Kavad: Mother Tongues
Yujung Kim / Helena Chung



Yujung Kim

It was nice to have a chance to talk about my life to my first daughter who really wants to understand me. I almost cried when my daughter read the poem she wrote about me. I am the luckiest and the happiest mom in the world who got to listen to the artistry of poem written by my daughter.


Helena Chung

When I was younger, I felt like I didn’t really know her as a person capable of so many things, I was immature, so I just knew her as my mother. But getting to know her more, though I can’t say I have a complete understanding of her, I can definitely say I have gotten to know her a lot better. Mother Tongues, has not only helped me better understand and admire my mother, but I also feel like it just gave us quality time to talk to each other. 


Interview Excerpt


When people ask “what are you?” how do you respond?

I’m Korean American


In Korean, we say “gyopo,” because that’s who I am. I am a Korean who lives in America.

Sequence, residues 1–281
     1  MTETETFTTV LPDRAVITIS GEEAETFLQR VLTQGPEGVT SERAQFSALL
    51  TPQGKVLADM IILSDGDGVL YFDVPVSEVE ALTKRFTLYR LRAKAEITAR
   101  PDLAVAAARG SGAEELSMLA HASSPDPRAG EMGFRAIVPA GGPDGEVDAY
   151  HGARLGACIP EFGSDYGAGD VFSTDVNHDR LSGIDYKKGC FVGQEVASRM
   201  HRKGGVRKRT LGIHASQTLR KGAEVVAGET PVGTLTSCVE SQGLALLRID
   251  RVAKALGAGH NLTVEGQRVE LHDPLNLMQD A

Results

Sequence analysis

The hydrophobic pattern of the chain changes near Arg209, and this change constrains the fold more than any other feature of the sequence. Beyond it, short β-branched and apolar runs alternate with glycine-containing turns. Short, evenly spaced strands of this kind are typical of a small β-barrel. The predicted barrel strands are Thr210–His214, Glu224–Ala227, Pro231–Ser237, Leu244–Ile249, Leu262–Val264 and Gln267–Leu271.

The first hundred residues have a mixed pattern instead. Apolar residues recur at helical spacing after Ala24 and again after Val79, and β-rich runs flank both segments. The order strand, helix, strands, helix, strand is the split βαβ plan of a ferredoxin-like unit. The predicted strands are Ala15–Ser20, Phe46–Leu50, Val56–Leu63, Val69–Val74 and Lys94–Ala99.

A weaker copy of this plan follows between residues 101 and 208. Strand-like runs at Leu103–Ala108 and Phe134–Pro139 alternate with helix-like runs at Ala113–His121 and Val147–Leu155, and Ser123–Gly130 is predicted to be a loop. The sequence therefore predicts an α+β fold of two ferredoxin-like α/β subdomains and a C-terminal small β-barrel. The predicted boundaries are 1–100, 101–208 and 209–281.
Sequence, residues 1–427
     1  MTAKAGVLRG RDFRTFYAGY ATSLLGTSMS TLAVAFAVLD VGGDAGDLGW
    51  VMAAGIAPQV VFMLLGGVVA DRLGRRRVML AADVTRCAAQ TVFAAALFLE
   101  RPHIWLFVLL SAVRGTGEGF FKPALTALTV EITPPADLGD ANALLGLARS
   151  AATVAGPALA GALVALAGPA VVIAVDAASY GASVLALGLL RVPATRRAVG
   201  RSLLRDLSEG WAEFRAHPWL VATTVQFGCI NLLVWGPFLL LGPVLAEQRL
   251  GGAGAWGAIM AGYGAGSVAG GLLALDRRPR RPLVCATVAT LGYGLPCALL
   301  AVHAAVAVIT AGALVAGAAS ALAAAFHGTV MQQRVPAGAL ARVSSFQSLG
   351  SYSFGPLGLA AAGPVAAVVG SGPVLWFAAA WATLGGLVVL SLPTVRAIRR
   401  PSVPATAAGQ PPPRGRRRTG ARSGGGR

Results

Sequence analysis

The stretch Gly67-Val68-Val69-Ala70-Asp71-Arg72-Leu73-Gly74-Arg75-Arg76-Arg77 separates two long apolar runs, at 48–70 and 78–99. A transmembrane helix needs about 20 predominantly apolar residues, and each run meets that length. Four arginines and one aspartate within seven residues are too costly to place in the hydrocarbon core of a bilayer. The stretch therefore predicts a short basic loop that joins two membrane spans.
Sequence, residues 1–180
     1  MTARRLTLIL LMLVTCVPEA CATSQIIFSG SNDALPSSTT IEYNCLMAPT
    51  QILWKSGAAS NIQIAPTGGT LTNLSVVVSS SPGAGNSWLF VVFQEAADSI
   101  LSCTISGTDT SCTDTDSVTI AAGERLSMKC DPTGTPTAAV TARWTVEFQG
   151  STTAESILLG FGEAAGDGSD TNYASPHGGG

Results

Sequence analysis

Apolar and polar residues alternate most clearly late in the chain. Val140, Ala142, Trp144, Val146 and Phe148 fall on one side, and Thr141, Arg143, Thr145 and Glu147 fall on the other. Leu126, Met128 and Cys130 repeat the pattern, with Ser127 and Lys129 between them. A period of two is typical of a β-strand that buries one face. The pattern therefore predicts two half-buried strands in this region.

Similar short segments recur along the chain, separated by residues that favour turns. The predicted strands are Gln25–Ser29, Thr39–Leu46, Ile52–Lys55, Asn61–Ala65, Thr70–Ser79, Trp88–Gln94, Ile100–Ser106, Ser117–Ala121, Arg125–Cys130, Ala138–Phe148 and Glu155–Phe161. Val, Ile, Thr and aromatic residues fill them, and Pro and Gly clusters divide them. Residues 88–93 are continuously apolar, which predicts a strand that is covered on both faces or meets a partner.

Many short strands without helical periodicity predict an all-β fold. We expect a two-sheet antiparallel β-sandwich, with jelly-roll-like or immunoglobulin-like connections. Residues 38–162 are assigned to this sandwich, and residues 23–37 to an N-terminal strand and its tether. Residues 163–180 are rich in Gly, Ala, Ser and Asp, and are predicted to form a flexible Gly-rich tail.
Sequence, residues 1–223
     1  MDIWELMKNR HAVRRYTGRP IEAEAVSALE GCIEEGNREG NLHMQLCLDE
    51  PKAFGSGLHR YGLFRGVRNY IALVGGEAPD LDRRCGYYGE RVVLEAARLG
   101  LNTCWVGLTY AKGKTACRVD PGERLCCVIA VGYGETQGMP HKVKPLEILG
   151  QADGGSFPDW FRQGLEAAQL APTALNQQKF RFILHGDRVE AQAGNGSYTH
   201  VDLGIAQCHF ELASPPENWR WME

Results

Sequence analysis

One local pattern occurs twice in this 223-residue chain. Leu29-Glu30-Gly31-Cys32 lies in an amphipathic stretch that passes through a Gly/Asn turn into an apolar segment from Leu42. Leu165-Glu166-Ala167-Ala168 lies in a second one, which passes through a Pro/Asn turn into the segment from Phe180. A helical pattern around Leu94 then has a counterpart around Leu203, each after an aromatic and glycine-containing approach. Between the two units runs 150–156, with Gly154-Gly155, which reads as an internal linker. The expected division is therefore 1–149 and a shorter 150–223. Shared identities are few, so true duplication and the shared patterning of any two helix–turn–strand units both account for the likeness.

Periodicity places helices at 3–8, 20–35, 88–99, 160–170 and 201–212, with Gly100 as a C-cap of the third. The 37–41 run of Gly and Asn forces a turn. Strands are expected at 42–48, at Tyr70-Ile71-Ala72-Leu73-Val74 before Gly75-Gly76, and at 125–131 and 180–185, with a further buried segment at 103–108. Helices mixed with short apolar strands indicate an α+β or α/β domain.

What about your personality?

Me? I am the kind of person who is really patient, tolerant to everything? But when I get angry, you know me right?

You’re so scary…

Yeah, but it’s like in my whole life, you can count. It’s under ten times, for my entire life, I’m now 46, and I think it’s between five and ten, right? You know I’m the kind of person who is also very diligent and responsible…I guess? No I’m not?

Yes, you are.

I want to run my household clean and tight, it’s not necessary to be perfect, but still I want to run my household properly, that’s the thing I’m trying to do, not to be the very best, but in a common sense way…it should reach some level of standard.


Helena's poem to Yujung


Requests for a Bedtime Story

“The happiest moment of my life,”
mother says, “was when you got into college.”
The sunlight chokes first the window,
then our shoulders, and feels too warm,
like the sticky space we make between our
clasped hands when our boots are too big.

That answer, like a small imperfect grape,
a dried magnolia petal, I want to say, “mother,
even you were once a different person,
when you stood in front of grandmother,
scissors in hand, clumps of hair like islands
on the tiled kitchen floor, when you drove

too many miles into the California sun.
Tell me about when you felt too
small in the world, like I do still,
tell me about strong livers and blistered feet,
the battles you held in your hands
when you were still learning to use them.